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>>> Up to now I've accepted this drawback, since I'm not too fond of
>>> inheritance (Java, for example, uses inheritance for many things
>>> which can be done in a much simpler way using closures,) but as I
>>> see
>> This is new to me, care to give an example?
> ActionListeners, in the GUI model, (it's been a few months so maybe
> I'm misrembering the name.)  They're objects with basically one
> method which reacts to an input event.  The default reaction is
> uninteresting, so they are inevitably subclassed, with that one
> method overridden with what you really want it to do.    

That's not true. ActionListener is an interface that you must implement
in your class when instances of it must respond to button
presses/releases. *If* you want to process those actions, you implement
the interface and by doing that you must write the code of the method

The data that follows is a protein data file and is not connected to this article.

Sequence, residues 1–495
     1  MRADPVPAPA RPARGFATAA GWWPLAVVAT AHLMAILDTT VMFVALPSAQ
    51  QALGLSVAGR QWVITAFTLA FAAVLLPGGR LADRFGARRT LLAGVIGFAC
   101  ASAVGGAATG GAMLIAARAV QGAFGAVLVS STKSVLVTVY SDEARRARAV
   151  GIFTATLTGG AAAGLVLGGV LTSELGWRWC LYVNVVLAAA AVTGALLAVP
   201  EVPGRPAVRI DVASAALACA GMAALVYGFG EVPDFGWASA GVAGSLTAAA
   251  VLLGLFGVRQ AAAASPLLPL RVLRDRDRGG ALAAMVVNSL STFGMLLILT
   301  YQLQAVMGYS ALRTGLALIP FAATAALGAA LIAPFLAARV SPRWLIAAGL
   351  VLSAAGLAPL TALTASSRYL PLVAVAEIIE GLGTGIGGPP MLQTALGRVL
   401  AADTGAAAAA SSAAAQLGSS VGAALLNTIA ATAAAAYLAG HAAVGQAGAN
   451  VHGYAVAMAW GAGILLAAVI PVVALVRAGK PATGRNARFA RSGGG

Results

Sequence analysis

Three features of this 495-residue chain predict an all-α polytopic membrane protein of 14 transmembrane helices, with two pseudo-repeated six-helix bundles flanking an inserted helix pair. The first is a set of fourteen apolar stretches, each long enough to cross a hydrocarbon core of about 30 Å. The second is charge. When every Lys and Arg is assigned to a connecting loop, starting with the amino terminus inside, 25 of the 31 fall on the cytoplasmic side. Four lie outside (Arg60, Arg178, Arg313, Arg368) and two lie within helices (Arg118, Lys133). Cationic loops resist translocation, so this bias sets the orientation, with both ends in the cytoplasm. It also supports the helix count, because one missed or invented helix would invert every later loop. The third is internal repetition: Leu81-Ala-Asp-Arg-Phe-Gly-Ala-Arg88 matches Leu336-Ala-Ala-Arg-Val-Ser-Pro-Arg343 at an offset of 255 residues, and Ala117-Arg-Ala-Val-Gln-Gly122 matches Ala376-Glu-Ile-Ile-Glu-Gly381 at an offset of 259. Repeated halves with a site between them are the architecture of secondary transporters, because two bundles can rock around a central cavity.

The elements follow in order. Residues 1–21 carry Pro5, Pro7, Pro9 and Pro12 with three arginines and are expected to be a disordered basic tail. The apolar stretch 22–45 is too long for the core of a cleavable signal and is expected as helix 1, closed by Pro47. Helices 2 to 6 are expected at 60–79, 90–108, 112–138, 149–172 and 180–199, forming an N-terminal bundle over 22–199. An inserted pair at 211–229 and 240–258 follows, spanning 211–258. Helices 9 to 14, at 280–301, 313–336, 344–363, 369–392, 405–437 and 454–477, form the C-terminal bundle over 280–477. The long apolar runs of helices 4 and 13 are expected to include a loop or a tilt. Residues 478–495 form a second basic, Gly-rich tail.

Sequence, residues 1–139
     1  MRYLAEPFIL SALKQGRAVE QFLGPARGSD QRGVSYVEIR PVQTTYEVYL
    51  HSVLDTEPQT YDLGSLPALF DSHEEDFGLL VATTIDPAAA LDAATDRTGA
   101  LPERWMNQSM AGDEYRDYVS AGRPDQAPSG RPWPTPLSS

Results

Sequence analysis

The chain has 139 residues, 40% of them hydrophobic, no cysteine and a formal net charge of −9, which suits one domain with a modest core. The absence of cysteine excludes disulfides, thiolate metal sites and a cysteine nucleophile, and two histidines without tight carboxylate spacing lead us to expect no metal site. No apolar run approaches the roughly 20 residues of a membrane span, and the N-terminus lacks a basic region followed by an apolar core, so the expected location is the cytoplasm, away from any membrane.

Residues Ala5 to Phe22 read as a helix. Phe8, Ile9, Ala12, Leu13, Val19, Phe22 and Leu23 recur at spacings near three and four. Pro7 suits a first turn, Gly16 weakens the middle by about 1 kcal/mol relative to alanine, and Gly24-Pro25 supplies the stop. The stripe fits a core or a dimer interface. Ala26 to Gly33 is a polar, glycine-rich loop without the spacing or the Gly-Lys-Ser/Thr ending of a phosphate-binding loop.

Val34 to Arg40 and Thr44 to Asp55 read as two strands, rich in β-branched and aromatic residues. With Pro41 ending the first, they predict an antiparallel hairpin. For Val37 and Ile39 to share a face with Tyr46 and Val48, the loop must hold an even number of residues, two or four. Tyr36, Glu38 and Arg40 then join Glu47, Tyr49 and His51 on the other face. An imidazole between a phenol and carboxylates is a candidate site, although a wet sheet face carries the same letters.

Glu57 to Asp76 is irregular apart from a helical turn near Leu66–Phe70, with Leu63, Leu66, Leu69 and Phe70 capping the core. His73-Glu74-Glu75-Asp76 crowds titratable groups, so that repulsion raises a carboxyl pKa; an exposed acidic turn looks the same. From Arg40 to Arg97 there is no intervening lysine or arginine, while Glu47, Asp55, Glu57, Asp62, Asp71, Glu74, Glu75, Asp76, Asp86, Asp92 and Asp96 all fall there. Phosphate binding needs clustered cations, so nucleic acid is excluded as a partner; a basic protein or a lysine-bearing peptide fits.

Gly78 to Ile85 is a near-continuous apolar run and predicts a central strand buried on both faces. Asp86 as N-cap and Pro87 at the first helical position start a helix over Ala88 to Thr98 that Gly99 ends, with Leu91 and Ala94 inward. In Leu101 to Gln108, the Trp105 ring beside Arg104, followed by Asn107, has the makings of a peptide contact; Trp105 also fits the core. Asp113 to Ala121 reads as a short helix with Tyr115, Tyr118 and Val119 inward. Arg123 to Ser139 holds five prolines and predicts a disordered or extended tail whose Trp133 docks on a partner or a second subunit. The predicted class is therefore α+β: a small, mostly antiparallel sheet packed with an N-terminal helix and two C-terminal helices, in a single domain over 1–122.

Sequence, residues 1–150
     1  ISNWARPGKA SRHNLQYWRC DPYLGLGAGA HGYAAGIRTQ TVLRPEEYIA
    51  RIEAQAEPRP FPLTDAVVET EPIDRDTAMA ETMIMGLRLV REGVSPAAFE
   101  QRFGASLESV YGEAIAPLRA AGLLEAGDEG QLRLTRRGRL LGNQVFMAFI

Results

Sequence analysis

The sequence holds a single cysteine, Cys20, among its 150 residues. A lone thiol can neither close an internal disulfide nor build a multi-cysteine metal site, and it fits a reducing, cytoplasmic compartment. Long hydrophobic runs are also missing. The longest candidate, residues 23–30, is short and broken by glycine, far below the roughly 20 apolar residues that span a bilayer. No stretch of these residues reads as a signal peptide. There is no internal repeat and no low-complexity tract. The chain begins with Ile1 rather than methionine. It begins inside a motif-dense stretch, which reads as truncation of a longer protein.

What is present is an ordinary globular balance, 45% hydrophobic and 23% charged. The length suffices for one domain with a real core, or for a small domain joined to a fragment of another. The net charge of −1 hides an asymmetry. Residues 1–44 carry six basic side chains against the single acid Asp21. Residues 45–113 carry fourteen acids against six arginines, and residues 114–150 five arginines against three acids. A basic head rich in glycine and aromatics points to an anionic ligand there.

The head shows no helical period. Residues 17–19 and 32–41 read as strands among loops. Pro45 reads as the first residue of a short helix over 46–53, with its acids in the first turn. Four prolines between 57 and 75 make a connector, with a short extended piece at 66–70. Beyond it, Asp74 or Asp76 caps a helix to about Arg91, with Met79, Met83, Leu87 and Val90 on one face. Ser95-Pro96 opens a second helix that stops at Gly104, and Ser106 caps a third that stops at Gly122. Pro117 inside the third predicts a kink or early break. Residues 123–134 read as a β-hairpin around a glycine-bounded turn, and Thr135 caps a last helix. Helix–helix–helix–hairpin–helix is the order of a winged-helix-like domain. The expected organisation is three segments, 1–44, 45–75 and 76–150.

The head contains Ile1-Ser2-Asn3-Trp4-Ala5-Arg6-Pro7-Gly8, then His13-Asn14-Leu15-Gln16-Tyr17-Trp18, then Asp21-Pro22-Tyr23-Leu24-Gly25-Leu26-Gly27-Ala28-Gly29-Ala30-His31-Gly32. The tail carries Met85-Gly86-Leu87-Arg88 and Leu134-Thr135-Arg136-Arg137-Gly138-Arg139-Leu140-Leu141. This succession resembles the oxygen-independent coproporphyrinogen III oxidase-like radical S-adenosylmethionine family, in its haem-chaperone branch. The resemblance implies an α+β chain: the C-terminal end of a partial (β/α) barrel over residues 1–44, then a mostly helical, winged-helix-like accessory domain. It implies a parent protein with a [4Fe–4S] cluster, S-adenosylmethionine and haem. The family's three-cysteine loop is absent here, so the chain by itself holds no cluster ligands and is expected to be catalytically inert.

actionPerformed (the only method declared in the interface) that will
handle the events.

The Java GUI model is similar to the Windows API (with it's ugly
WindowProc) and Turbo Pascal 7 (with it's HandleEvent) as it's
event-based, but instead of throwing every event that arrives in the
event queue of the application into one function of your program to
handle, Java separates them in interfaces. Instead of one huge
WindowProc or HandleEvent, many smaller and simpler methods to capture
specific types of events.

Remember that interfaces don't have code, they only declare methods, and
aren't subclassed by your application, but implemented.

I know an interface can be subclassed to construct another interface,
but that's not the point here.


Andre de Leiradella